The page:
When you’ve been a life-long “anything”, it’s hard to think outside your comfort-zone, but experience can open the door to truth, logic and a willingness to consider reality rather than party-line:
“I grew up in a Democratic family. I have been a registered Democrat since age 18, a Democratic candidate for statewide office in Colorado and a party precinct captain in that caucus state. I’ve volunteered for numerous Democratic candidates and contributed to party causes and campaigns. The 2014 election results were extremely disappointing for me, but hardly a surprise.
I voted for Barack Obama in 2008, then lost my job in the Great Recession. I was lucky; my brother lost his job and his house. I survived on part-time jobs while paying out-of-pocket for my health insurance.
I voted for President Obama again in 2012, then received a cancellation notice for my health insurance. This was due to ObamaCare, the so-called Affordable Care Act. However, I couldn’t afford anything else.
Midterm elections in the second term of a presidency are difficult on the president’s party, and the Obama administration’s crisis-of-the-month headlines weren’t helpful. Ultimately, though, ObamaCare was the catalyst for my party’s midterm thumping.
White House press secretary Josh Earnest speaks about Medicaid and the Affordable Care Act in July. ENLARGE
White House press secretary Josh Earnest speaks about Medicaid and the Affordable Care Act in July. Associated Press
ObamaCare is a failure. For anyone who thinks this is a misprint because no Democratic activist would make such a comment, let me add that it is too big, too complicated and too expensive. Without a public option within its network of exchanges, ObamaCare is a giant blank check to the insurance companies that pushed it through Congress. It punishes responsible consumers like me and treats younger individuals as fools who are expected to pay the bills while not paying attention.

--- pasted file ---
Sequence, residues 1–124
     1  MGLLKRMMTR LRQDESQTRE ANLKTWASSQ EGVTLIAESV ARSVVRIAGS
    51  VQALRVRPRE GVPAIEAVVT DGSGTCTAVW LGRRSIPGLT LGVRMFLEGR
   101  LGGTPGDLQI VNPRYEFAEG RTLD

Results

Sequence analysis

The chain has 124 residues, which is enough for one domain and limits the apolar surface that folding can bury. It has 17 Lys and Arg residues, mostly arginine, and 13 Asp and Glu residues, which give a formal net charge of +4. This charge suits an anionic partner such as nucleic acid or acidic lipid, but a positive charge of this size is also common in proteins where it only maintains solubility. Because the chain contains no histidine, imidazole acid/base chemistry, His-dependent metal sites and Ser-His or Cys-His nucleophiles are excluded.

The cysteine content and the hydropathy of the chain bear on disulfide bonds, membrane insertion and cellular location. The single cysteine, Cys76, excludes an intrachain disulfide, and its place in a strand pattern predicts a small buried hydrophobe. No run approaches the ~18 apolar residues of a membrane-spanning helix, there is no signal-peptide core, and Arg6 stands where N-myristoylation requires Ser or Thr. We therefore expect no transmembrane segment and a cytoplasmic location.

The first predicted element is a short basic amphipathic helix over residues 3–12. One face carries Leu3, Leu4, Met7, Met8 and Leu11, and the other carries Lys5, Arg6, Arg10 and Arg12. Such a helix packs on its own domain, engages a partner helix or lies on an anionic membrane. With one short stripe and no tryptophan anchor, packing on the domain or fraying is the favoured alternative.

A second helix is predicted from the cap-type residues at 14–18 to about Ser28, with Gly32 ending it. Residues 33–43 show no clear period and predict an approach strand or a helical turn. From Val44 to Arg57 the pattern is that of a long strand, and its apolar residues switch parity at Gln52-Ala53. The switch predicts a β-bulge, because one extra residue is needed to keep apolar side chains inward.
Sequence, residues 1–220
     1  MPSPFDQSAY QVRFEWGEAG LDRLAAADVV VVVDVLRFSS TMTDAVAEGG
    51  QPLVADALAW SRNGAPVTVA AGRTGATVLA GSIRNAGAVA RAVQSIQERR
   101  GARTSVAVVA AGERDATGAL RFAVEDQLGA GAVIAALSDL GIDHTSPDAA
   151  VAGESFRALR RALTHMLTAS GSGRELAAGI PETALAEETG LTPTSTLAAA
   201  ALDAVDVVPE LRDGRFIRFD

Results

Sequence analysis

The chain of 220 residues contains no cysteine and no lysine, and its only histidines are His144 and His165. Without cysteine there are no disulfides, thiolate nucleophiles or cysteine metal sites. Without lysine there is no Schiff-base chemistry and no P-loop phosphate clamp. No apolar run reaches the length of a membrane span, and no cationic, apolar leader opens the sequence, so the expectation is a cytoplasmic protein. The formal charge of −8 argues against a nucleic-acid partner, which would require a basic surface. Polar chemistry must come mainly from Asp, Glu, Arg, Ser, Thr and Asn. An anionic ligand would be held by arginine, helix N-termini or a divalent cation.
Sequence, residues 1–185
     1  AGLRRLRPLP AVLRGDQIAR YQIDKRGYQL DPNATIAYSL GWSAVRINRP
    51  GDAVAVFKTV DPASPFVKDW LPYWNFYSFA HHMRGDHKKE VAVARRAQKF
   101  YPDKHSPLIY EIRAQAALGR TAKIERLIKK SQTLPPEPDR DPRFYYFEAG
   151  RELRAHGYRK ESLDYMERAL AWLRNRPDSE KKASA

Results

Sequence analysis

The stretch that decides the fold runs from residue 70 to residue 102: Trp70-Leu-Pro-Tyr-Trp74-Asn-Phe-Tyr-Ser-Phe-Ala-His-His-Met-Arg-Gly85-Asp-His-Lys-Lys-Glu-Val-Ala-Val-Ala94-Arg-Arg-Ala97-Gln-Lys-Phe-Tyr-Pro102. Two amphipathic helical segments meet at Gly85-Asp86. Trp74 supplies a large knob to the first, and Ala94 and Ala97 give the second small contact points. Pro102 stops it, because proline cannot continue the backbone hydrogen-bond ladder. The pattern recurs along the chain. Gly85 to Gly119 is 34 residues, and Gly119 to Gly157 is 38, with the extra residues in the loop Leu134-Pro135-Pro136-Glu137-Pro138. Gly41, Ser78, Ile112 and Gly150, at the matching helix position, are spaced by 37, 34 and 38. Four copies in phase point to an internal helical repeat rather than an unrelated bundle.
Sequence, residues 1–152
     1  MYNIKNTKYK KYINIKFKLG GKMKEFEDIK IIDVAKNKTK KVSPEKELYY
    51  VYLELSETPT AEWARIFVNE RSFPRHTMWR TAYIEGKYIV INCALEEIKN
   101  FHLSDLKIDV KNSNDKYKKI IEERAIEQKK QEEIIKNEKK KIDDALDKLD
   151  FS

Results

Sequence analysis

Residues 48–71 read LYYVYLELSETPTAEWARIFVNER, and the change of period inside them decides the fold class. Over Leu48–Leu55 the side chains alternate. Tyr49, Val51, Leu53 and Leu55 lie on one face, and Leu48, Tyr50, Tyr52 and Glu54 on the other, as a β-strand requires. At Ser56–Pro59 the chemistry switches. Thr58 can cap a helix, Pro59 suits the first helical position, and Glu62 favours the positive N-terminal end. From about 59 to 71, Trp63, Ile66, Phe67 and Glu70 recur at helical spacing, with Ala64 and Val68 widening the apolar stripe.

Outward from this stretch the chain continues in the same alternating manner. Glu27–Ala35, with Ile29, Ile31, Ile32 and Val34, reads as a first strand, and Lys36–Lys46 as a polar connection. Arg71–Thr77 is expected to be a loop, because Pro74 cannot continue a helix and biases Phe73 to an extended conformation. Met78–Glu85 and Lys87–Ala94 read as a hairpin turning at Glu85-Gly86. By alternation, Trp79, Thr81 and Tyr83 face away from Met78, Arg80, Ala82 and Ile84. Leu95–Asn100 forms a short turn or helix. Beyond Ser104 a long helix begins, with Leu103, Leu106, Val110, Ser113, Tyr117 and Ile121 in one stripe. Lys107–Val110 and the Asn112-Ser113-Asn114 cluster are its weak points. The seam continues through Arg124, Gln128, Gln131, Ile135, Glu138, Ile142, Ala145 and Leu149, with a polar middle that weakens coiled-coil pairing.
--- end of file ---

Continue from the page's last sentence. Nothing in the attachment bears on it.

Now we learn in videos that came to light this week that Jonathan Gruber, MIT economist and a key architect of the Affordable Care Act, proudly relied on his perceived “stupidity of the American voter” as the basis for designing ObamaCare. Such comments, along with the program’s notoriously dysfunctional website and false assurances that people can keep their previous health plans, are insults to every citizen regardless of party.
Contrary to Medicare, which was quickly accepted at a time of economic vitality as a meaningful complement to Social Security, ObamaCare was the sequel to an overpriced economic stimulus package that didn’t stimulate very much. Those least affected by the recession benefited the most from the stimulus. I think that’s called “trickle-down economics” when Republicans do it, and the economy continues to struggle for good jobs and a real recovery. ObamaCare is part of the problem, not a solution.”